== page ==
As I am prone to do when I ride, I got to thinking about stuff I've read in endurance books.  One of the things I remember reading had to do with "uphill" horses and "downhill" horses where uphill and downhill don't have anything to do with conformation and have everything to do with how a horse moves up and down hills.  I can't remember which book it was, but I remember the author writing something about how some horses seem to have a better aptitude for going up hills and some horses do better going down them.  Nimo is without question a downhill horse.  I've noticed that he tends to move so much better going downhill than up and while he huffs and puffs his way up, he generally ends up embedded in the butt of the horse in front of us on the way down.  And that isn't just at the walk.  He usually cries a bit and runs out of steam when trotting on the way up, but is quite happy to trot his heart out on the way down, and not in an unbalanced, out-of-control way.  Obviously more conditioning can help him with the uphill difficulty, but many other horses that we've ridden with just seem much more comfortable switching into a high-power gear for steep uphill trails, while Nimo is happy to walk them.

Anyway, Nimo did such a great job trotting that I decided to tack on an extra mile because we had the time before meeting my friend.  The only thing that seemed amiss was that he stopped a few times to pee.  That isn't normal.  In fact, while Nimo will pee out on the trail, it is generally only once, maybe twice, on very long rides.  And I knew he had peed before we left the barn because I saw him, so the first time he peed on the trail, I thought it was strange.  After 3 more times, I was getting concerned.  He didn't seem to be in pain and there was definitely something coming out each time, so I decided to keep an eye on the situation but continue with my plans for a short break at the trailer and a second ride.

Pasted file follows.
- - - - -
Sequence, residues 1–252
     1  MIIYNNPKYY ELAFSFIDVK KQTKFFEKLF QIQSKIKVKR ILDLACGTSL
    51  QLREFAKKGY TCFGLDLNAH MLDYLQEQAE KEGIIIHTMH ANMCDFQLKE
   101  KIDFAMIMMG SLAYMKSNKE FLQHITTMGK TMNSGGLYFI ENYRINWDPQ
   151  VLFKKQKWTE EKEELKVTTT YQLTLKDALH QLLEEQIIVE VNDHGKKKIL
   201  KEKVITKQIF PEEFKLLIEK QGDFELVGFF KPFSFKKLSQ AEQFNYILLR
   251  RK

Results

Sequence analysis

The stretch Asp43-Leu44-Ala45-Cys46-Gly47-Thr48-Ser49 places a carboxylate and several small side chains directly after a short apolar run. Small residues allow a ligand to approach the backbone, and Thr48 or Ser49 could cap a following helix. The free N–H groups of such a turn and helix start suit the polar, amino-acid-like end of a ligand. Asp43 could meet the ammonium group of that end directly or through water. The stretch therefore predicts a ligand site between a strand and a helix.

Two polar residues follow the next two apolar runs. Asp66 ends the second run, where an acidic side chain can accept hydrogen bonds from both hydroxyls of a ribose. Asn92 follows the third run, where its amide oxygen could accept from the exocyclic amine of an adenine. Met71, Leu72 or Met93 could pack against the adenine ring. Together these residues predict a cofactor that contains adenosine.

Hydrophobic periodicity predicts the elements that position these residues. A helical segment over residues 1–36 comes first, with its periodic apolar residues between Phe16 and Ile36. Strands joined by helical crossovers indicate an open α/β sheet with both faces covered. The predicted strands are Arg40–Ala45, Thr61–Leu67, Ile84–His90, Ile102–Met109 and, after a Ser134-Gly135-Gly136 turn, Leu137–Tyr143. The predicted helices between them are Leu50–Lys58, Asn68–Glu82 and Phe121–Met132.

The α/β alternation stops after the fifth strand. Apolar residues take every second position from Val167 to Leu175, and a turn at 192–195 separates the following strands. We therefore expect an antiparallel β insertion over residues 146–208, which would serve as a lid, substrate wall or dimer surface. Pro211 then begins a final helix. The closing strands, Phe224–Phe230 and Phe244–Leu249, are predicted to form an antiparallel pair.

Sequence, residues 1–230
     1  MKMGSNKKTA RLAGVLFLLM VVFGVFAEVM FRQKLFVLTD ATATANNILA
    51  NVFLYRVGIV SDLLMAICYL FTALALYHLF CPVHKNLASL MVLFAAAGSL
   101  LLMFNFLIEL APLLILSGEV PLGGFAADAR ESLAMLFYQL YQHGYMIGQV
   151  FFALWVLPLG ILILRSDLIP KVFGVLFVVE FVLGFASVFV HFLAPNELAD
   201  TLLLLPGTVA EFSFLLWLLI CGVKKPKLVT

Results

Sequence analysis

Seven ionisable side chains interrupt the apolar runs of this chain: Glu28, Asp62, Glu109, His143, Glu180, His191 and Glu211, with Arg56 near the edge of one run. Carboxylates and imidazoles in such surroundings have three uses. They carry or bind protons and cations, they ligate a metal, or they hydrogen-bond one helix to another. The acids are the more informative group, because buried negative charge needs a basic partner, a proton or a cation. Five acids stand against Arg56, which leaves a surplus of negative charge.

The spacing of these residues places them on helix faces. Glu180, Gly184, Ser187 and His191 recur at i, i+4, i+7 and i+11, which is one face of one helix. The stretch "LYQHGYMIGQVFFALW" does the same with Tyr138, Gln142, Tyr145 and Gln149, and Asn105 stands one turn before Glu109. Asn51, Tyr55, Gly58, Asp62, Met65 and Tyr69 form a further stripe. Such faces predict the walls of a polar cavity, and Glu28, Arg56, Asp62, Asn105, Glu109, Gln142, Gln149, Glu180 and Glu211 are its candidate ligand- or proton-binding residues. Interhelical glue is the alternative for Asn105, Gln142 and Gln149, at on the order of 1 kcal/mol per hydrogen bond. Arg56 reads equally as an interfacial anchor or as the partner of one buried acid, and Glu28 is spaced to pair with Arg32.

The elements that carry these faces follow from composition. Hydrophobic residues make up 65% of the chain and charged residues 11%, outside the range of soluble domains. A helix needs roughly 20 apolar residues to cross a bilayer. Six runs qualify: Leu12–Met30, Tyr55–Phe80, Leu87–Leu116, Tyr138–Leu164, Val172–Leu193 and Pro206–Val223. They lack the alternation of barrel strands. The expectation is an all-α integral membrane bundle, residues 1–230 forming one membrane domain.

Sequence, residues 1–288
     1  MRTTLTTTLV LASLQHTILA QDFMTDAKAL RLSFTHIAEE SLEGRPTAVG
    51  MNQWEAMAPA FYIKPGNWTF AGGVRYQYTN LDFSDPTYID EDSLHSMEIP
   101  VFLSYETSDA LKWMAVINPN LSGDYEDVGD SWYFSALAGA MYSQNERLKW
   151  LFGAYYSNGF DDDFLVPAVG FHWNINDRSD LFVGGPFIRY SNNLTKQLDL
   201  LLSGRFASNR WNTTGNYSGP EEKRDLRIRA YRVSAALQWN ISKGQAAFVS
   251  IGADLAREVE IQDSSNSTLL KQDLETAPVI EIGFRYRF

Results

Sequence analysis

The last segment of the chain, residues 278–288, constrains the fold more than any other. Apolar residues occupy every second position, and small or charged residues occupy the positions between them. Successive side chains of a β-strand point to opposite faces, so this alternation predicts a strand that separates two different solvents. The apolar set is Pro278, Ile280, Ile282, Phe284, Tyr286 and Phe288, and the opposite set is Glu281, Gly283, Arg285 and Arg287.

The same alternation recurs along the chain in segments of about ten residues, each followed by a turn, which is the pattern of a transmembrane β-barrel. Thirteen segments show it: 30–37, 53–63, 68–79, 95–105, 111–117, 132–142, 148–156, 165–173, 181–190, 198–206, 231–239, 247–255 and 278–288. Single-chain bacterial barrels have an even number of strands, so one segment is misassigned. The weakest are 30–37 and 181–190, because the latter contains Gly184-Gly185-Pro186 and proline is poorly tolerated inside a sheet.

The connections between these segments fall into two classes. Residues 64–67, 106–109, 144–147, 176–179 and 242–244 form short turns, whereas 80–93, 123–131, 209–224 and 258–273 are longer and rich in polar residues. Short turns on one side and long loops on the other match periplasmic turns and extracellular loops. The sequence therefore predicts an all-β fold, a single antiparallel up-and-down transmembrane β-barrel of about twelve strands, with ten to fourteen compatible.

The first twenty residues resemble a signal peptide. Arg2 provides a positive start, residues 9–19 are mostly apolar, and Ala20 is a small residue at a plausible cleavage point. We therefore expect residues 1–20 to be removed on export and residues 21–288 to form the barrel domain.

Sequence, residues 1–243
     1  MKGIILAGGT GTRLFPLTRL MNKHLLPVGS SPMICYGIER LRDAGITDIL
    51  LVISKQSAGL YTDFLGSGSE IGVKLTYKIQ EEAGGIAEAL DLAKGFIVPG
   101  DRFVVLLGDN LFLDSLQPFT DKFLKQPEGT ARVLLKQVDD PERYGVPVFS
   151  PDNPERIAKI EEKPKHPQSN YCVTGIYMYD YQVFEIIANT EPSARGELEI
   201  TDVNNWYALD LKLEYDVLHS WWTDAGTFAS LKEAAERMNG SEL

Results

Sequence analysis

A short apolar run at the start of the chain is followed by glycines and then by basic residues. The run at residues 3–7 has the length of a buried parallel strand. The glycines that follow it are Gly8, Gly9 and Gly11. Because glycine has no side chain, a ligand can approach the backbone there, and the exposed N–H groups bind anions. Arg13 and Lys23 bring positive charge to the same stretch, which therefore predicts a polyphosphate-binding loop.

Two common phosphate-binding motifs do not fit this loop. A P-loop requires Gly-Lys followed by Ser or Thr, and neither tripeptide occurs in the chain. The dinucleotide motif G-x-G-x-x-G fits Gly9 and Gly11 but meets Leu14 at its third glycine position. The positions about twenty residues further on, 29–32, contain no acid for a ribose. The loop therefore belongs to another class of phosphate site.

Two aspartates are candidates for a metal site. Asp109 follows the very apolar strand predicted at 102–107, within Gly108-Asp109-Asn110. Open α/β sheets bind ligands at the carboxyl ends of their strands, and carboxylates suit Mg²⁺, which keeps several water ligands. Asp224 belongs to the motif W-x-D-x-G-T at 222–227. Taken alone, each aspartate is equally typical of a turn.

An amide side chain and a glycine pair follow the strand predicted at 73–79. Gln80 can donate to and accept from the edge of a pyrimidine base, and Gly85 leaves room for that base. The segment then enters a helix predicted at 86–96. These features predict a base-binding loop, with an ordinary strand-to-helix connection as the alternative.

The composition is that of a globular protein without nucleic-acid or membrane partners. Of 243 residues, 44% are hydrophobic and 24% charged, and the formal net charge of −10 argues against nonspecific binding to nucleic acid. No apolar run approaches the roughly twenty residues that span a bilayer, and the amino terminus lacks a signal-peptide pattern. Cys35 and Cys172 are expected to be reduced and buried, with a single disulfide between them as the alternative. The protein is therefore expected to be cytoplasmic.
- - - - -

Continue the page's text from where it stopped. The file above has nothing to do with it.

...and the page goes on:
Nimo drank on the trail during the first part of our ride, so I just gave him some feed at the trailer while my friend saddled up.  He is standing a little parked out in the picture, but I think it is just because he was reaching into the bucket for food and he was too lazy to move his hind legs.  And yes, I totally and unsafely draped my noseband and reins over his neck and saddle because I was too lazy to store them properly for 15 minutes.


So after a quick break, we were underway for phase 2 of our ride.  We ended up doing another 7 miles, mostly walking, for this part of the ride, which gave us 14 miles for the day.  During the second part of the ride, Nimo still stopped to pee several times and even moaned a little the last time.  However, he seemed quite willing to move forward and his movement felt great.  After the ride, he ate his mash and drank about a gallon of water, which is pretty normal.  The only problem I could think of was some kind of urinary tract infection.

Honestly, normally I would have let things play out for a couple of days before calling the vet.  I have discovered that having a vet do diagnostic work is generally many hundreds of dollars at a minimum and having just paid a sum that would have bought me a second, very nice horse for truck repairs, I was not crazy about incurring another significant expense.  Once again, though, the specter of the Foxcatcher 25 ride loomed over me and the thought of missing it just because I delayed getting treatment for Nimo was too much.  I also needed to have the vet out to renew Nimo's Coggins test, so I figured I might as well have them check him out while they were there.